Tissue-specific responses of IGF-1/insulin and mTOR signaling in calorie restricted rats

Naveen Sharma, Carlos M. Castorena, Gregory D. Cartee

Research output: Contribution to journalArticle

32 Scopus citations

Abstract

Moderate calorie restriction (CR) (~60% of ad libitum, AL, intake) has been associated with numerous favorable physiological outcomes in many species, and the insulin/IGF-1 and mTOR signaling pathways have each been proposed as potential mediators for many of CR's bioeffects. However, few studies have assessed the widely held idea that CR induces the down-regulation of the insulin/IGF-1 and/or mTOR pathways in multiple tissues. Accordingly, we analyzed the phosphorylation status of 11 key signaling proteins from the insulin/IGF-1 (IRTyr1162/1163, IGF-1RTyr1135/1136, IRS-1Ser312, PTENSer380, AktSer473, GSK3αSer21, GSK3βSer9) and mTOR (TSC2Ser939, mTORSer2448, P70S6KThr412, RPS6Ser235/236) pathways in 11 diverse tissues [liver, kidney, lung, aorta, two brain regions (cortex and cerebellum), and two slow-twitch and three fast-twitch skeletal muscles] from 9-month-old male AL and CR Fischer 344 x Brown Norway rats. The rats were studied under two conditions: with endogenous insulin levels (i.e., AL>CR) and with insulin infused during a hyperinsulinemic-euglycemic clamp so that plasma insulin concentrations were matched between the two diet groups. The most striking and consistent effect of CR was greater pAkt in 3 of the 5 skeletal muscles of CR vs. AL rats. There were no significant CR effects on the mTOR signaling pathway and no evidence that CR caused a general attenuation of mTOR signaling across the tissues studied. Rather than supporting the premise of a global downregulation of insulin/IGF-1 and/or mTOR signaling in many tissues, the current results revealed clear tissue-specific CR effects for the insulin signaling pathway without CR effects on the mTOR signaling pathway.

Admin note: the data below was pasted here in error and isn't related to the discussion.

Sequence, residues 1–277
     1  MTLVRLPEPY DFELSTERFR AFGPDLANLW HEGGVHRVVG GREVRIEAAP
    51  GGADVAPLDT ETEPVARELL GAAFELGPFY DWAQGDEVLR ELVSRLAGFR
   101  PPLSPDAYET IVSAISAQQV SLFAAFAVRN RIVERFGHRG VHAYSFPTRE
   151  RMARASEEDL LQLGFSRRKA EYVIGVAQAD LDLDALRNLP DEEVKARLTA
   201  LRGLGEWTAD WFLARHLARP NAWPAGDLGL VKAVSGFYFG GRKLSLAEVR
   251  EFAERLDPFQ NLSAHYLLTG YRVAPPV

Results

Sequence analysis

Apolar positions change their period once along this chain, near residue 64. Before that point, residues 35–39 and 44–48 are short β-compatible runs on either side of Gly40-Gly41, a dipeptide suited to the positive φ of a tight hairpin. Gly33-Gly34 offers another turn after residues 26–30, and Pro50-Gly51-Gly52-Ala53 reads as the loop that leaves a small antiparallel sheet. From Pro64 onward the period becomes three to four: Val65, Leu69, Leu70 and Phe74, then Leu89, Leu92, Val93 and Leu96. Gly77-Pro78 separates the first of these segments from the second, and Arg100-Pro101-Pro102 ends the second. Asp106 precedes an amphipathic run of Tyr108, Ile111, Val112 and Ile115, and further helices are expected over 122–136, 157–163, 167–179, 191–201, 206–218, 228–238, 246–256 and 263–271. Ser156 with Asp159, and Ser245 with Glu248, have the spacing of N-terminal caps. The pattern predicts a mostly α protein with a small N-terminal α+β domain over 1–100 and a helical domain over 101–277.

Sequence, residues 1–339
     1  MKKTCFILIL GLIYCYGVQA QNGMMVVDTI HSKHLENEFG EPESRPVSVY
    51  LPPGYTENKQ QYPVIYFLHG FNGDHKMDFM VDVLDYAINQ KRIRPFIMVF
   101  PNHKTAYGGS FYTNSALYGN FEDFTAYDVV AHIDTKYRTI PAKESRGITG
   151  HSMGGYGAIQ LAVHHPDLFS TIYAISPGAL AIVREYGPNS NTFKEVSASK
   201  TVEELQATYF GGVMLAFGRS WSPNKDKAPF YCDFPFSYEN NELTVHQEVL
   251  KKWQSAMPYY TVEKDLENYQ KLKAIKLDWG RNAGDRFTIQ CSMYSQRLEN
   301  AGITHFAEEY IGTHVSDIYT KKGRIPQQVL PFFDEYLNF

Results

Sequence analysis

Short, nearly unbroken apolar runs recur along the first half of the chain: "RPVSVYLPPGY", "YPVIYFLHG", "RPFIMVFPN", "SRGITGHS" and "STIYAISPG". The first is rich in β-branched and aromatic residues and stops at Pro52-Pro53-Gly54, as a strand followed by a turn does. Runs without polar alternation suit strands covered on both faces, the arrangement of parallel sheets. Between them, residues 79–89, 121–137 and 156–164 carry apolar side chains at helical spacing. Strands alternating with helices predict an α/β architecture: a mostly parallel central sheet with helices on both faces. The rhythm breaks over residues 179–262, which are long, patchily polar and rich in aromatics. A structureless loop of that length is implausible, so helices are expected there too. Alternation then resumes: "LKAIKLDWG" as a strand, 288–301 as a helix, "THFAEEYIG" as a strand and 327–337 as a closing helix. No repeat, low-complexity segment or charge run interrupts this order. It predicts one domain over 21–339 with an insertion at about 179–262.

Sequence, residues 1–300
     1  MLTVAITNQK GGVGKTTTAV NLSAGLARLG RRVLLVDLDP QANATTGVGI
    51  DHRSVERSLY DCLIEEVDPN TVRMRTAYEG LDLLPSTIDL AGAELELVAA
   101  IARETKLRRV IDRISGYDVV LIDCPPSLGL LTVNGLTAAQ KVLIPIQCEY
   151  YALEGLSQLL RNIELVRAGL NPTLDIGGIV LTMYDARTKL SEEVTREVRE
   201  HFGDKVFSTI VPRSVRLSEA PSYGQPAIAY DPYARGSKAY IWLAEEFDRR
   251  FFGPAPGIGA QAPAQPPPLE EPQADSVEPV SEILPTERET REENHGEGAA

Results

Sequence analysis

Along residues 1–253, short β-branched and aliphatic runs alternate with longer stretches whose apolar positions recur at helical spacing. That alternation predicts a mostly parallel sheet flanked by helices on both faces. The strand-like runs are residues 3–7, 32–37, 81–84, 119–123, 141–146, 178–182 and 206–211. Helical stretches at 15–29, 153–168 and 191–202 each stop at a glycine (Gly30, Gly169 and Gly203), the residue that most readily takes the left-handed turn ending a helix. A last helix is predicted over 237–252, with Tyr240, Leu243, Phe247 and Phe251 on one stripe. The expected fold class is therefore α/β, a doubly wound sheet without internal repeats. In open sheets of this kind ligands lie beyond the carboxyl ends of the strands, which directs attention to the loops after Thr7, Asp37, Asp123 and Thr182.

Original languageEnglish (US)
Article numbere38835
JournalPloS one
Volume7
Issue number6
DOIs
StatePublished - Jun 6 2012

ASJC Scopus subject areas

  • Biochemistry, Genetics and Molecular Biology(all)
  • Agricultural and Biological Sciences(all)
  • General

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